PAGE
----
Cold is a common illness among mammals including hamsters. The illness is caused by a virus that causes inflammation of the membranes that line the nose and the throat. The virus is spread through the air or by touching contaminated surfaces.
These are the areas we will focus on under colds in hamsters;
Symptoms of colds in hamsters
Colds in hamsters are indicated by signs of respiratory problems just like in humans.
You may find your hamster struggling to breathe using the nose due to mucus congestion. The mucus could eventually drip from the nose which counts as another symptom of colds in hamsters.
Hamsters suffering from colds may also make wheezing sounds. Wheezing is identified by a coarse whistling sound the hamster makes when breathing. This is because the airway is partially blocked.
Your hamster may also sneeze if it’s suffering from a cold. Hamsters sneeze in an attempt to get rid of irritants that are blocking the respiratory system. The pet will involuntarily bust air through the nose or the mouth.
In some cases, cold in hamsters is identified by watery eyes. However, discharge from the eyes should be accompanied by other signs that suggest the hamster has a cold. This is because watery eyes could be a sign of other common hamster illnesses.
When the cold has lasted more than just a few days, you may start noticing a loss of appetite. The hamster may start eating less food than it usually does therefore become weak. At these levels, your hamster may not be as jumpy as it used to be. It will instead curl up in a corner of its cage trying to get warm.
When the hamster gets weak, it may not even have the energy to comb its fur. You will therefore notice matted fur in a hamster having a cold.
Prevention of colds in hamsters
Someone once said that prevention is better than cure. There are some measures that you can undertake to prevent your hamster from contracting a cold.
The most effective way to prevent colds in hamsters is to keep their environment clean. You should thoroughly clean and disinfect its cage, bedding, feeding bowl, and water bowl if you use one. I would however recommend using a water bottle instead since there are lower chances to contaminate the drinking water.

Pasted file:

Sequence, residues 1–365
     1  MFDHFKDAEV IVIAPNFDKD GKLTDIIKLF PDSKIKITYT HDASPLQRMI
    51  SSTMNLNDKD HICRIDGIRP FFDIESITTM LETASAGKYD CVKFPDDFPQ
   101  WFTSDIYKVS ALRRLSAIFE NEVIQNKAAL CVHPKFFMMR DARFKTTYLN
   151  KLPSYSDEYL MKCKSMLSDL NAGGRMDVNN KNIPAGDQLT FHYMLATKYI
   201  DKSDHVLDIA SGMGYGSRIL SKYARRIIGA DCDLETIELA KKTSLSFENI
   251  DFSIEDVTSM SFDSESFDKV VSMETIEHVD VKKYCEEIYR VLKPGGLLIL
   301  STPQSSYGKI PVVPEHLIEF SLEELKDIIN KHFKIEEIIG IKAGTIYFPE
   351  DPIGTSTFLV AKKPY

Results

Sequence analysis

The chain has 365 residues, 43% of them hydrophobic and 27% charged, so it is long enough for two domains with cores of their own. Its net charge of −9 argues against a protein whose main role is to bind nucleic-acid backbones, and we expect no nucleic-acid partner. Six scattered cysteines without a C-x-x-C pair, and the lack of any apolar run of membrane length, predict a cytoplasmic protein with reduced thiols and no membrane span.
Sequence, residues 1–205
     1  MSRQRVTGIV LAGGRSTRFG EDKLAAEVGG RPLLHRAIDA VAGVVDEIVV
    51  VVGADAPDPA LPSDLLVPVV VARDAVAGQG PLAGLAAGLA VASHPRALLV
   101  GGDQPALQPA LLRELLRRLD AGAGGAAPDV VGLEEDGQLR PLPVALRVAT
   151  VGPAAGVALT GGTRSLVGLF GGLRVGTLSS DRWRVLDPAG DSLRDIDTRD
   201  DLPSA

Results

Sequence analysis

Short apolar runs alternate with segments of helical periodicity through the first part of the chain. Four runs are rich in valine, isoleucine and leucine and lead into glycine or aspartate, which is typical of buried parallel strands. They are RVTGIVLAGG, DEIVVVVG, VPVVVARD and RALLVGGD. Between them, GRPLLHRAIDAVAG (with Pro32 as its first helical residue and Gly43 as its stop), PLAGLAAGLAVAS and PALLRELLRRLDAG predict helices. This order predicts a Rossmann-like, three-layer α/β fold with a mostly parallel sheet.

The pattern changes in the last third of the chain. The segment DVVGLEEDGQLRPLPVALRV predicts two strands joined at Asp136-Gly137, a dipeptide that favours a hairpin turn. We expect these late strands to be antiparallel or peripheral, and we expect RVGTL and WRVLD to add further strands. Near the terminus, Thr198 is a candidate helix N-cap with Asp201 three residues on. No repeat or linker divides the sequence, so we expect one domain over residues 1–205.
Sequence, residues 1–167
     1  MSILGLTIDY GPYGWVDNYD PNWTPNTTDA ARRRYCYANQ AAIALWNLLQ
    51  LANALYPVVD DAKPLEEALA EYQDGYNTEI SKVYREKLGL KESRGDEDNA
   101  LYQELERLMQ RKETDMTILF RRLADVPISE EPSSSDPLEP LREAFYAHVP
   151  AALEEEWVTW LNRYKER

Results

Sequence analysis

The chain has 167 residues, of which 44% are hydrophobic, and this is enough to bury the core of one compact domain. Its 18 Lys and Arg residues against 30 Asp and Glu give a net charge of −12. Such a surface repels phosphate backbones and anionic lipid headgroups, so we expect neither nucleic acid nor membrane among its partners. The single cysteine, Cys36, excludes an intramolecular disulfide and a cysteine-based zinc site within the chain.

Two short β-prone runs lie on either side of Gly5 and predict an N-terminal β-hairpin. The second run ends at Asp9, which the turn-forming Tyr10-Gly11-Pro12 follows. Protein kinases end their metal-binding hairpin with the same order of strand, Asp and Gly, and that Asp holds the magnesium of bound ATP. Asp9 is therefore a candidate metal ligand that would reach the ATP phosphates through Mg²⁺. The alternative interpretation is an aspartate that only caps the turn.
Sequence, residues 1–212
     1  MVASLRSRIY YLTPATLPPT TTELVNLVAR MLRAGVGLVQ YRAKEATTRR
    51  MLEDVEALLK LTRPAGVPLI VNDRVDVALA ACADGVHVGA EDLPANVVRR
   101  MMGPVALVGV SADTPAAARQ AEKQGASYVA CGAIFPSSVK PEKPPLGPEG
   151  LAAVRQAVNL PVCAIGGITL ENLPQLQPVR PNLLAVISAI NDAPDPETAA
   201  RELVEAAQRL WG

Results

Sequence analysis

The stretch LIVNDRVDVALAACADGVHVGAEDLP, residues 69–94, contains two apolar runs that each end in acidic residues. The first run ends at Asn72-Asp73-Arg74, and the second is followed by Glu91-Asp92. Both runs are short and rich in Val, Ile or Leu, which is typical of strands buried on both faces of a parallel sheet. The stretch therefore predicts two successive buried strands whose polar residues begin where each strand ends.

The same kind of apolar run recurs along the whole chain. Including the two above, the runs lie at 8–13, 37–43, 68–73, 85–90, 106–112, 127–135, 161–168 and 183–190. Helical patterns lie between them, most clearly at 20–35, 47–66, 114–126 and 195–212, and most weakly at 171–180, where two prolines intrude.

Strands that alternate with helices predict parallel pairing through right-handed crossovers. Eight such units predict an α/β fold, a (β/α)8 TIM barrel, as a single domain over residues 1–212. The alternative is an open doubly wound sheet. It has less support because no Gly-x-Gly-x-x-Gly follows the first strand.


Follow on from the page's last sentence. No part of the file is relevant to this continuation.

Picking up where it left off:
In the spirit of observing hygiene, you should always clean your hands when handling a hamster. More so when you have a cold or flu, you should as much as possible to come in contact with your pet. This is because you can easily spread the cold virus to your hamster.
Your hamster’s cage should be placed in a well-lit room away from doors and windows. This will reduce the chances of cold from outside reaching the pet inside the cage. The best position to place our hamster’s cage should be next to an inner wall where there are no chances of the outside environment affecting your pet.
Treatment of colds in hamsters
Even though there are some antibiotics for reducing the effects of colds in hamsters, there is no outright cure. Unless it is a serious infection such as pneumonia, hamsters naturally develop immunity to the cold.
However, there are some efforts you can make to improve your hamster’s condition.
This will include providing your hamster with a mix of warm milk, water, and a teaspoon of honey.
You should also move your hamster’s cage further away from the door and windows to reduce the chances of your pet catching a cold. Other attempts to keep the cage warm are providing more bedding, a heating pad, or warming up the whole room.
Will my hamster survive a cold?
Hamsters suffering from a cold can eventually recover after developing immunity. You can consult a veterinarian for recommendations on the best antibiotics to reduce inflammation.
Can hamsters get flu from humans?
Hamsters can get flu from humans through contact or when they cough into the air. Common cold is mainly spread among mammals through the air. You should therefore avoid contact with hamsters if you are suffering from the flu.
What do you feed a hamster with a cold?
The perfect home remedy for cold in hamsters is a mix of hot milk, water, and a little honey.